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TV Review: Glee – “Swan Song”

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“Swan Song,” the latest episode of FOX’s Glee, is a mixed bag. Part of the episode is very good, and part of the episode stinks. Scenes and plot make a move for greatness, and then either embrace it, or chicken out. Interestingly, the setting of said scenes tend to be a good indicator as to which end of the spectrum they fall on.

So the New Directions lose Sectionals. Last week’s episode ended with them leaving the stage after Marley (Melissa Benoist) faints. Many assumed the club would pick up their performance at the start of the week’s installment, and while “Swan Song” does begin moments after the previous episode ended, this is not to be the case.

Sue (Jane Lynch) is the instigator who shuts down the New Directions’ chances for good. She has done many mean things, but nitpicking rules to get them disqualified is especially sinister. It seems to just be in the name of fulfilling a personal vendetta against Finn (Cory Monteith) for a rude comment he made weeks ago, as even Sue begins to wonder if she is going too far. But the point is, Sue gets away with it, the glee club season is over, Finn fails as a director, and everyone blames Marley for blowing their shot.

It’s a very disheartening episode. “Swan Song” sees the members of the group meandering, several of them feeling very down on themselves, and the seniors losing all hope for their final year. The various singers switch to new clubs far too fast, and are accepted way too readily to be believable into these new groups, especially Artie (Kevin McHale), somehow scoring a band leadership position at a time when marching band is also over for the year. The thing that hits home is that the glee club is kaput, and they are all sad.

The only person that is truly happy about their failure is Brad the Piano Player (Brad Ellis), who gets his first line of the series, despite having appeared throughout, when he thanks Sue for saving him from the rude kids. It’s a tongue-in-cheek joke that answers some concerns about realism in the show as a whole, without taking itself too seriously.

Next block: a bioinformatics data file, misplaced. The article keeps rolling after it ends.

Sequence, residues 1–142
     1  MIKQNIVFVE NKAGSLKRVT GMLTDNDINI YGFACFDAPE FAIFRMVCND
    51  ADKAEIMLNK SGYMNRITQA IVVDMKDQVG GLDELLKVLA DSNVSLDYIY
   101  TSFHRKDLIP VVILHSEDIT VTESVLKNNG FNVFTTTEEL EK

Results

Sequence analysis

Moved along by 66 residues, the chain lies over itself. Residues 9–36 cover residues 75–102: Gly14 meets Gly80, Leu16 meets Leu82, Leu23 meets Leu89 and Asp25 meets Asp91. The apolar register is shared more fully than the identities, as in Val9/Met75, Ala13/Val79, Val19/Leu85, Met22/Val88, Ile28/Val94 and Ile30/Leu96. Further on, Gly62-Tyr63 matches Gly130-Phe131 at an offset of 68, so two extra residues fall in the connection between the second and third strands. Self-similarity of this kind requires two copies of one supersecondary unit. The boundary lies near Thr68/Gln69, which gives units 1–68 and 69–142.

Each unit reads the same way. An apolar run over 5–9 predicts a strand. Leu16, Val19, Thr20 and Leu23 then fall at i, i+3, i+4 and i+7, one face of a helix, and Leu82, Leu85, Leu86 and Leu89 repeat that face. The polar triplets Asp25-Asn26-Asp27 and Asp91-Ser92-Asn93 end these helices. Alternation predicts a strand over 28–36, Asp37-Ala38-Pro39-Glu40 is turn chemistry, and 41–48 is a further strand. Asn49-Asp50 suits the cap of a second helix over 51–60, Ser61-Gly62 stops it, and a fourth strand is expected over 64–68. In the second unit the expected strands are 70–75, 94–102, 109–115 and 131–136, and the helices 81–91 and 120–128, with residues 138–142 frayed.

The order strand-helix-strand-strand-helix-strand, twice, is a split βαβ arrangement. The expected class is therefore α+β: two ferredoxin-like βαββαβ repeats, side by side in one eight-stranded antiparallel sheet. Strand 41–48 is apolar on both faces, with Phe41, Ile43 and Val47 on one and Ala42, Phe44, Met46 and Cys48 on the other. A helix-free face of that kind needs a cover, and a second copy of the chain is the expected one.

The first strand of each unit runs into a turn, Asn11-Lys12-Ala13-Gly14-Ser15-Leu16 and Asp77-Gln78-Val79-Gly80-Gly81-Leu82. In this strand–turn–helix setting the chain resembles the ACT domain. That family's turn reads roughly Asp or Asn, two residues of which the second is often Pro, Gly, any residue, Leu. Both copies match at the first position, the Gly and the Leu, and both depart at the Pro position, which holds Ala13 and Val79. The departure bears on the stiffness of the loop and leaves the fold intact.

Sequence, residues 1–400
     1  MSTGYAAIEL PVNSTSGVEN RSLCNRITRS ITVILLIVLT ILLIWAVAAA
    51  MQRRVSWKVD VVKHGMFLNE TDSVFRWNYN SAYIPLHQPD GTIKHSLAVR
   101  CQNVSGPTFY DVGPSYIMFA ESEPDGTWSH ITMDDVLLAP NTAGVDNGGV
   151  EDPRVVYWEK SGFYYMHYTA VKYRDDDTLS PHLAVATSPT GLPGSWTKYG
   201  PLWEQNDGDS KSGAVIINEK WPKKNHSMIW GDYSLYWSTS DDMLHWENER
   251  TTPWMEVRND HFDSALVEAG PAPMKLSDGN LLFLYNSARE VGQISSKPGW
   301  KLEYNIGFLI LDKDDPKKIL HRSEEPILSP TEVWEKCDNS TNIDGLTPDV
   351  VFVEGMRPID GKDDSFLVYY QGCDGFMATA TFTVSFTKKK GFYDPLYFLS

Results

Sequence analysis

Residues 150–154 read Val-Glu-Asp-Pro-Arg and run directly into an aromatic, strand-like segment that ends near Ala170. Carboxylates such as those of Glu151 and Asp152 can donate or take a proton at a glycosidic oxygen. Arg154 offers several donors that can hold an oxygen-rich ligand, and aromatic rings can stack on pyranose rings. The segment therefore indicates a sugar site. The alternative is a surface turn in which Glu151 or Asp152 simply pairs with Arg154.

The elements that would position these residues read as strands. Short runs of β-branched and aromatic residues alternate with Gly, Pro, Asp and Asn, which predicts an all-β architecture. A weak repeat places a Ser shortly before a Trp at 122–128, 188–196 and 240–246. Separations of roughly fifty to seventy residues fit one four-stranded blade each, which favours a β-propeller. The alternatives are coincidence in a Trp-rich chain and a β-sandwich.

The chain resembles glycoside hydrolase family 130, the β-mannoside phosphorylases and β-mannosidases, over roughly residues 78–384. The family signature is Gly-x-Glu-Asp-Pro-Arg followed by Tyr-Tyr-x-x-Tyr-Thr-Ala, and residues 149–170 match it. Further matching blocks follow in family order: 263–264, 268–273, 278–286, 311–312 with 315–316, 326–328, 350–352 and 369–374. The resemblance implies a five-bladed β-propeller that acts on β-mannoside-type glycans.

As dire as this seems, though, there is never any doubt about the end result. Finn and Marley feel bad, they help each other get over it, and then everyone is swayed into returning for a feel good finale to the tune of “Don’t Dream It’s Over.” Not only is this totally predictable, and lets characters off the hook much too easily, the moment is spoiled in FOX’s promos for the episode, which is yet another reason to avoid commercials and previews of any kind.

The story of the loss itself is gripping, but the cop out finale somewhat ruins any pathos generated, making “Swan Song” fall flat. Yes, Glee is a tale of triumph. But flopping so big, so early in the season calls for more than a couple of e-mails and a few inspiring words. Presumably, Glee doesn’t want to spoil its planned happy Christmas episode. However, the series would have done much, much better to focus on the pathos, rather than the recurring themes of togetherness, a move that has deepened the New York story considerably, which I’ll get to in a moment.

And while the New Directions, being disqualified, should be considered third place at Sectionals (out of three), look for the Warblers to be disqualified, too, and the group to get a second chance. If they don’t, and are truly done with competition for the year, it will be better for the series, I think, and it would definitely be a surprise.

For some reason, Sugar Motta (Vanessa Lengies) sits this entire fiasco out. She doesn’t appear in a single scene, including when the group comes back together in the end. Sure, she’s not a main character, but like Unique’s (Alex Newell) recent week off, it’s a glaring omission that spoils the story, knowing a vital member of the club has just disappeared at an important moment. She needs to be there, at least in the wide shots.

Yet, Kitty (Becca Tobin), whose inclusion in the New Directions still baffles, and who doesn’t really seem to care about the club, does come for the cold, outdoor, end performance. Why? It doesn’t make ense.